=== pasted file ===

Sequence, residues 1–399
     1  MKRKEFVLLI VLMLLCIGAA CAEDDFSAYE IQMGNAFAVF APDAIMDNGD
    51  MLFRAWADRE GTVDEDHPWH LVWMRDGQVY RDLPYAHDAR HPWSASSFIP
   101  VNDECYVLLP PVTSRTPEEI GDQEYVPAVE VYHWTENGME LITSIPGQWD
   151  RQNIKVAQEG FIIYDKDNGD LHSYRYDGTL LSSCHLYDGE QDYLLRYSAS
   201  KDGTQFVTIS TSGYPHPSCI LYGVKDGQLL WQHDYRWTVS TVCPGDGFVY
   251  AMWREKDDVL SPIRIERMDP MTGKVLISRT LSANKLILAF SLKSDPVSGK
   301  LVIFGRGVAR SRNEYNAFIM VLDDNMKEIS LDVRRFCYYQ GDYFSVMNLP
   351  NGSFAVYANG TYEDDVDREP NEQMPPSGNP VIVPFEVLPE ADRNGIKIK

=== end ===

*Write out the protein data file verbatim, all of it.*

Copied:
Sequence, residues 1–399
     1  MKRKEFVLLI VLMLLCIGAA CAEDDFSAYE IQMGNAFAVF APDAIMDNGD
    51  MLFRAWADRE GTVDEDHPWH LVWMRDGQVY RDLPYAHDAR HPWSASSFIP
   101  VNDECYVLLP PVTSRTPEEI GDQEYVPAVE VYHWTENGME LITSIPGQWD
   151  RQNIKVAQEG FIIYDKDNGD LHSYRYDGTL LSSCHLYDGE QDYLLRYSAS
   201  KDGTQFVTIS TSGYPHPSCI LYGVKDGQLL WQHDYRWTVS TVCPGDGFVY
   251  AMWREKDDVL SPIRIERMDP MTGKVLISRT LSANKLILAF SLKSDPVSGK
   301  LVIFGRGVAR SRNEYNAFIM VLDDNMKEIS LDVRRFCYYQ GDYFSVMNLP
   351  NGSFAVYANG TYEDDVDREP NEQMPPSGNP VIVPFEVLPE ADRNGIKIK